This will spin up the Meteor web server, and you’ll be able to reach your first Meteor app by pointing your browser at http://localhost:3000

It was easy, right?

You cannot do much in this first app except clicking the button and increasing the counter. Not much to talk about. We’ll soon see how to do real stuff with Meteor.

Code walkthrough

We’ll walk around the app code just to see what’s inside. Do not worry if things are not much clear right now, many concepts will be introduced and explained later.

HTML file

If you open the hello-world/hello-world.html file you can see the source code of the app:


  <h1>Welcome to Meteor!</h1>

  {{> hello}}

<template name="hello">
  <button>Click Me</button>
  <p>You've pressed the button {{counter}} times.</p>

Meteor recognizes the head and body tags and puts them in the correct place in the page content. This means that by including a head tag, all its content will be added to the “real” page head tag. Same thing applies to the body tag. They are the two main tags.

All the rest of the application must be put in separate template tags.

The special {{ }} parentheses you see are defined by Spacebars, which is a templating language very similar to Handlebars with some unique features that make it perfect to work with Meteor

In the hello-world example,

{{> hello}}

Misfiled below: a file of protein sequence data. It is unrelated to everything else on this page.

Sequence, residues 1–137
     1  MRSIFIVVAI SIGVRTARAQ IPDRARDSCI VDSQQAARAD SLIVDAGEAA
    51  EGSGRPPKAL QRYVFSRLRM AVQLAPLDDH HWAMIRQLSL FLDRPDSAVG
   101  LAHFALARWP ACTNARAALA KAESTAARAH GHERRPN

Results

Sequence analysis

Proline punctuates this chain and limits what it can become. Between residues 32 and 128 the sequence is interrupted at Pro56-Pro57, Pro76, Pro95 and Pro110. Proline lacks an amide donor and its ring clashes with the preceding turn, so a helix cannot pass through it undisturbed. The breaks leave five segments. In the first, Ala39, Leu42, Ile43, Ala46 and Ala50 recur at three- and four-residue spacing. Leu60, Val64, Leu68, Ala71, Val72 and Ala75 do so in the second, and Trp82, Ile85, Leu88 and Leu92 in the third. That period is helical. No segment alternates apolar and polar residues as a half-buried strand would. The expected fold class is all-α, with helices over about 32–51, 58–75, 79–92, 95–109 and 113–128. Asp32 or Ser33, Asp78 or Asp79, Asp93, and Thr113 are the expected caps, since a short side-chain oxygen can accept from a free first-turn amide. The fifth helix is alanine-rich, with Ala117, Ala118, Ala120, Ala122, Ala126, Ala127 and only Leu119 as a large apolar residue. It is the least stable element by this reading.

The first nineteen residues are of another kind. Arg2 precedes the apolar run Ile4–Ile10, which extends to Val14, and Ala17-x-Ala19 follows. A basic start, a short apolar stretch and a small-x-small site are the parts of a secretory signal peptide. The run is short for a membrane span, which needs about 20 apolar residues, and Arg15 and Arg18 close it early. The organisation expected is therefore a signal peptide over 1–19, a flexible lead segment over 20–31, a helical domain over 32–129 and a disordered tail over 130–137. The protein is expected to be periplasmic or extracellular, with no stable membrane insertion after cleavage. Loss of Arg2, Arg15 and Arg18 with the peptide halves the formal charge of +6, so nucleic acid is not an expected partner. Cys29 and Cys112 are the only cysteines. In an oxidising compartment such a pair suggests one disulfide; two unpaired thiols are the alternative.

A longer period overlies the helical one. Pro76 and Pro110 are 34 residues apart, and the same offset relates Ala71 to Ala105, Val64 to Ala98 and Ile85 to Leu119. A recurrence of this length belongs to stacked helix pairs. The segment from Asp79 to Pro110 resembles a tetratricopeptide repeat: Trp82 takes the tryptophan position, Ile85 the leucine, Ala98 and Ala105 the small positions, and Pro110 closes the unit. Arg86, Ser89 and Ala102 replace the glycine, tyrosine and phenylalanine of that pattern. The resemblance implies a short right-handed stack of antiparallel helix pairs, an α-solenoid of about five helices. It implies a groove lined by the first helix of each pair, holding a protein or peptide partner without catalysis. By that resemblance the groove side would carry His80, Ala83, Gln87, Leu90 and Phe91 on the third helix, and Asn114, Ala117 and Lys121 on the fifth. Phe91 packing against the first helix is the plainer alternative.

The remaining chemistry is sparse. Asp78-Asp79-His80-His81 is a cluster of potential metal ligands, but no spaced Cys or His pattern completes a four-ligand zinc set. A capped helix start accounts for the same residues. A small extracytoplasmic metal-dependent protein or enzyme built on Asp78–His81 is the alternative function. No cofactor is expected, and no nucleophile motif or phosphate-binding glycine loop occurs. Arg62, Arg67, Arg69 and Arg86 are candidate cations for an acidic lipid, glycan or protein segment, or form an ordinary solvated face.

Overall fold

includes the hello template, and


inside the hello template looks for the counter value in the template context.

That’s it for the html file, for now.

JavaScript file

This is the content of the hello-world.js file:

if (Meteor.isClient) {
  // counter starts at 0
  Session.setDefault('counter', 0);

    counter: function () {
      return Session.get('counter');

    'click button': function () {
      // increment the counter when button is clicked
      Session.set('counter', Session.get('counter') + 1);

if (Meteor.isServer) {
  Meteor.startup(function () {
    // code to run on server at startup

Meteor.isClient and Meteor.isServer are two Meteor variables that we can use to determine if we’re running on the client, or on the server. Since Meteor can run a file in both contexts, they’re very useful in many cases. In real applications you won’t use them a lot, since Meteor has some directory conventions that save us from using them all the time.

You can see the main bulk of the code is on the client.

What it does is to set the counter Session variable to 0 at startup.

It then adds a counter helper to the hello template, which will make the {{counter}} snippet available. This helper just returns the Session.counter value.

To handle clicks, you act on the events of the hello template. In this case, you intecept the click on a button HTML element. When this happens, you increment the Session.counter value.

In the Meteor server code, there’s a Meteor.startup call, which just calls the passed function when Meteor is ready. Now there’s nothing in it, but we’ll see how this can be useful later.